New York City is getting back to work after a 12-month pause that brought building work on 1,700 city projects on hold.
Mayor Bill de Blasio announced that the city will resume its $17 billion capital projects plan that includes new schools, library projects, parks and sewer work by the end of March.
“This is a city that builds things,” said the Mayor. “We build things. We keep building, we never stop building. It’s one of the things that makes us great. So, we are going to get fully back to work with a host of major construction projects, capital projects that will build the future of this city that will make life better for generations to come.”
Lorraine Grillo, the Mayor’s newly-appointed Recovery Czar, said many of the projects were put on hold by the pandemic and re-starting them will help get New Yorkers back to work.
She said, “This is really truly great news for the city and great news for the dozens of contractors who work on city projects.”
A 30-year veteran of the construction sector, Grillo said she has been “especially concerned” for Minority and Women Business Enterprises (MWB/E) who have struggled over the last year because so many projects were projects were paused.
“This is going to give them an opportunity to put them back to work and give them the opportunity to rehire staff,” said added. “This is exactly what’s needed to bring this city back and make this a recovery for all of us.”
Carlo A. Scissura, president and CEO of the New York Building Congress, agreed the news “represents a tremendous sense of relief” for MWBEs.
He added, “Restarting capital projects is an acknowledgment of the critical role the building industry will play in our city’s recovery. Advancing projects in housing, education, transportation and environmental protection will strengthen our city today and have a lasting impact on residents for years to come.
“The Building Congress applauds Mayor de Blasio and Recovery Czar Lorraine Grillo for this forward-thinking decision.”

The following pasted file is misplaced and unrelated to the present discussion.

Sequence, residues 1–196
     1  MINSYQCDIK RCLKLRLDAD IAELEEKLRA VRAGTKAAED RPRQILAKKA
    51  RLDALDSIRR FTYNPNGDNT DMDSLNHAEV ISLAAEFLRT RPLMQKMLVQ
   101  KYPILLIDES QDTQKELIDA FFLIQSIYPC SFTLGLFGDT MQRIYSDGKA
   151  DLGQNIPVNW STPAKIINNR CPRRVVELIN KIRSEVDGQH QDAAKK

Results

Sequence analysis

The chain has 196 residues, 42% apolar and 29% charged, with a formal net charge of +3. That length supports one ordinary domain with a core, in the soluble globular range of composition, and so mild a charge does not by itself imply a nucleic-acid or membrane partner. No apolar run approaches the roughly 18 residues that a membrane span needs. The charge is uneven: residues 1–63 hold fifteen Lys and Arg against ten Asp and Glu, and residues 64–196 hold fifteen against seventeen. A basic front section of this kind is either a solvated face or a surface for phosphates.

The news comes as the nation reaches another COVID milestone with more people now vaccinated in the U.S. than the number of confirmed cases of COVID-19.
The CDC has issued new guidelines that note fully-vaccinated people can gather with other vaccinated people indoors without wearing a mask or social distancing.
In New York, the state continues to ramp up its vaccination program with 10 new mass vaccination sites set to open and the city on pace to hit five million vaccinations by June.
Re-opening efforts are also ramping up with both New York and New Jersey giving the go-ahead to large arenas and public venues to operate with some restriction and, in Connecticut, restaurant restrictions have been lifted to full capacity.
Governor Andrew Cuomo announced that restaurants outside of the five boroughs can expand indoor dining capacity to 75 percent starting March 19, although Manhattan restaurants will continue to operate at 35 percent capacity indoors.
Cuomo’s decision still has to be approved by the New York legislature after he was stripped of his emergency powers as he grapples with accusations of sexual harassment and his administration’s role in allegedly covering up nursing home deaths.
Meanwhile, the House is scheduled to vote on the Senate version of President Joe Biden’s $1.9 trillion COVID relief bill today (Tuesday) that promises aid to schools, small businesses, museums, restaurants, transit, theaters, vaccine distribution and local governments as well as a $1,400 in direct aid payment to many Americans struggling through the pandemic.
Andrew Rigie, executive director of the NYC Hospitality Alliance, welcomed the the passage the American Rescue Plan, which includes $28.6 billion for dedicated restaurant relief.
“This is incredibly hopeful news for New York City’s restaurants and bars, who will now receive direct grants to help pay rent, payroll, vendors expenses and more,”said Rigie.
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